IUnderstand weather forecast and predict forecast for the next 12 hours for intended operational area of the craft.
    JExplain how to read a weather map and know where to obtain a weather forecast.
    KDemonstrate how to use charts including tidal charts as specified in the MSCB/MSDB syllabus.
    LDemonstrate use of the boats and hand bearing compass as per the MSCB/MSDB syllabus.
    MDemonstrate tying the knots as described in the syllabus and know the application of knots and rope types.
    NUnderstand the effects of poor stability and loading and know how to correct for good stability.
    OState the procedure for dealing with accidents as listed in the syllabus including writing an accident report. See appendix for appropriate MSA accident reporting form.
    PDemonstrate knowledge of the water recreational regulations, marine notices, relevant safe ship management systems, safe operational plans and avoidance of collision regulations.
    QDemonstrate knowledge of how to handle and prevent marine pollution appropriate to the vessel.
    RDemonstrate an understanding of appropriate marine engine operation, function, cooling stating, transmission and electrical system.
    SUnderstand bilge draining and pumping systems and how and when to use.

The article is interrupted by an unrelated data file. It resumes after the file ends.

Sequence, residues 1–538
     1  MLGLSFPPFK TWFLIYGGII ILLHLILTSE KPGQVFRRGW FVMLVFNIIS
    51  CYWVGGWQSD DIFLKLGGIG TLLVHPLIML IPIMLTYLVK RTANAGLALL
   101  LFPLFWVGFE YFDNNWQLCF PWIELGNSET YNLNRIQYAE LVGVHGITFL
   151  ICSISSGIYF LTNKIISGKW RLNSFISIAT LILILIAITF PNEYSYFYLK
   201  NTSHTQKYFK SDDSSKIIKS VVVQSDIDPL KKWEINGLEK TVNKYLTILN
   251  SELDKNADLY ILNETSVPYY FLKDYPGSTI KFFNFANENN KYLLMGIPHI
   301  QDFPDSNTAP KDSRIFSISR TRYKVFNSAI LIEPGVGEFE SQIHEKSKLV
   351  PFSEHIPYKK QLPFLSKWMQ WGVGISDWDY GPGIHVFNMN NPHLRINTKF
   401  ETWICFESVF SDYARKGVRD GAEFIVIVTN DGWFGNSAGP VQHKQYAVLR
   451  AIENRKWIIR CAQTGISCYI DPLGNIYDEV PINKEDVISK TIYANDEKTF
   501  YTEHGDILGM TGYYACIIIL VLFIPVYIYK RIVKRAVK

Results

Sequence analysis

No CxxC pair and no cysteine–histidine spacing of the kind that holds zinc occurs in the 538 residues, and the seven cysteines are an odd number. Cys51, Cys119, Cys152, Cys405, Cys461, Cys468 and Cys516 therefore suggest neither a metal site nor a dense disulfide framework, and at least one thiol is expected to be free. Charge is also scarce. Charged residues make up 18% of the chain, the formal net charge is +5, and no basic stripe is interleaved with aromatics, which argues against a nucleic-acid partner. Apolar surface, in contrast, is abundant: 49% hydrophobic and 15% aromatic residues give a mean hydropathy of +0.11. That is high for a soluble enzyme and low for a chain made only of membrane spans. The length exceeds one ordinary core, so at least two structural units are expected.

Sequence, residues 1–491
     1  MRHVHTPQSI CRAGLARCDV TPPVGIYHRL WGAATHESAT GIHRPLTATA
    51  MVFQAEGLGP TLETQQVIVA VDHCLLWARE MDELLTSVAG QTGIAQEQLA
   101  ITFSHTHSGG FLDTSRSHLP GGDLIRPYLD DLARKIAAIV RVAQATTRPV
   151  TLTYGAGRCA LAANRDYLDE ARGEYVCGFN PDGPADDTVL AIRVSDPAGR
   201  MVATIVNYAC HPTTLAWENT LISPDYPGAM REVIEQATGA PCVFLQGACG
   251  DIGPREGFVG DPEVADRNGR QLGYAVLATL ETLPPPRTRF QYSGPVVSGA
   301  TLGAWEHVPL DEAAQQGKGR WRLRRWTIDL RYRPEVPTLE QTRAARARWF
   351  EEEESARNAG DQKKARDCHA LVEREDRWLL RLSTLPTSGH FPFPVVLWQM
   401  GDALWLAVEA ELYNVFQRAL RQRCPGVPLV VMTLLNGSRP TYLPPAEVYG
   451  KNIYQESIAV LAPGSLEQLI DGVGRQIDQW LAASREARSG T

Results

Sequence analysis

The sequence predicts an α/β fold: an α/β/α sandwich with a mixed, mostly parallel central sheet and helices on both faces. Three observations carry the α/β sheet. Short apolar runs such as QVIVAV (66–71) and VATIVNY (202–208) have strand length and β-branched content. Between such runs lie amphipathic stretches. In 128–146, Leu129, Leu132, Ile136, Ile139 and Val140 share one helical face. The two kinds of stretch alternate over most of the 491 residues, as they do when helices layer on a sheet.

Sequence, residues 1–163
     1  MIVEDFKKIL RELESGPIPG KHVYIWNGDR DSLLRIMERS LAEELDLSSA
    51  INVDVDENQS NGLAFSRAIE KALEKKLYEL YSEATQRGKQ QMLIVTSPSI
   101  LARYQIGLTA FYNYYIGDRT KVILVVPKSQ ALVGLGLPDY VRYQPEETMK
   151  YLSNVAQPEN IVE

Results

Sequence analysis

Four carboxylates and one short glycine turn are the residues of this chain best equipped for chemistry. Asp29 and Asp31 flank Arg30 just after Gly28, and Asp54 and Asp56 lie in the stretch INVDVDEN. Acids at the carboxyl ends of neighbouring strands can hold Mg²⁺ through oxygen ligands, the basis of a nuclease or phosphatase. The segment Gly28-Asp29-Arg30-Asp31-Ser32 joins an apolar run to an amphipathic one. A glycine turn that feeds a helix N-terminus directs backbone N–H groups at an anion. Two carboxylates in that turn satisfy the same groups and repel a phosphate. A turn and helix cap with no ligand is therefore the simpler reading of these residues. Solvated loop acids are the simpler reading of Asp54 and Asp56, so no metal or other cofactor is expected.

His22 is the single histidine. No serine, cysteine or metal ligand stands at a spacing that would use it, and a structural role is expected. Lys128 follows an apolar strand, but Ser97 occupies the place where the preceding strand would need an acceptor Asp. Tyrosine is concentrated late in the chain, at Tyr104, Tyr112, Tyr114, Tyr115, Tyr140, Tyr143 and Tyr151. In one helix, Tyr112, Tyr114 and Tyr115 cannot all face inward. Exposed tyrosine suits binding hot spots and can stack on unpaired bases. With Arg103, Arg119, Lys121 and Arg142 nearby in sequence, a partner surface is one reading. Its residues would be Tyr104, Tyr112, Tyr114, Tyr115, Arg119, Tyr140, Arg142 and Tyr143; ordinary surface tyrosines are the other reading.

TDemonstrate knowledge of machinery checks, adjustments, minor repairs, instrumentation, spare parts, tools and equipment.
    UUnderstand the causes of fire and explosion and know how to respond.
    VDemonstrate safe working practices.

    Part Two: Section 1 - 10

    Master of a Small Dive Boat

    Candidates wishing to qualify as Master of a Small Dive Boat need to also complete the following section.

    1Demonstrate standard international diving hand signals
    2Demonstrate use of a drift line
    3Demonstrate dispatching and retrieval of divers and their equipment
    4Demonstrate use of a separate anchored buoyed diving station
    5Know how to respond in a diving emergency
    6Demonstrate the use of emergency oxygen
    7Demonstrate knowledge of signals to recall divers
    8Demonstrate secure loading of diving equipment
    9Demonstrate when and when not to fly the Code A flag
    10Demonstrate loading and off loading divers from a beach in calm conditions

    SECTION FOUR - Master of a Small Commercial Boat/Master of a Small Dive Boat.


    Click for the syllabus in detail:

    This syllabus is specific to power driven vessels of six metres or less. The syllabus is in two components - general knowledge and engineering. The syllabus covers the following:

    General knowledge

    1. Boat handling
    2. Boat equipment use
    3. Charts
    4. International regulations for prevention of collision at sea
    5. Distress signals
    6. Compass
    7. Tides
    8. Weather
    9. Ropes
    10. Stability
    11. Accidents
    12. Regulations
    13. Marine pollution
    1. Marine engines
    2. Cooling systems
    3. Engine starting
    4. Power transmissions
    5. Steering systems
    6. Electrical systems
    7. Bilge pumping systems
    8. Machinery checks
    9. Adjustments and minor repairs
    10. Instruments and alarms
    11. Spare gear
    12. Fire and explosions
    13. Safe working practice

    See New Zealand Underwater Trainers.

    Recommended course materials are as for the Boatmaster Certificate Course.

    Return to top of Page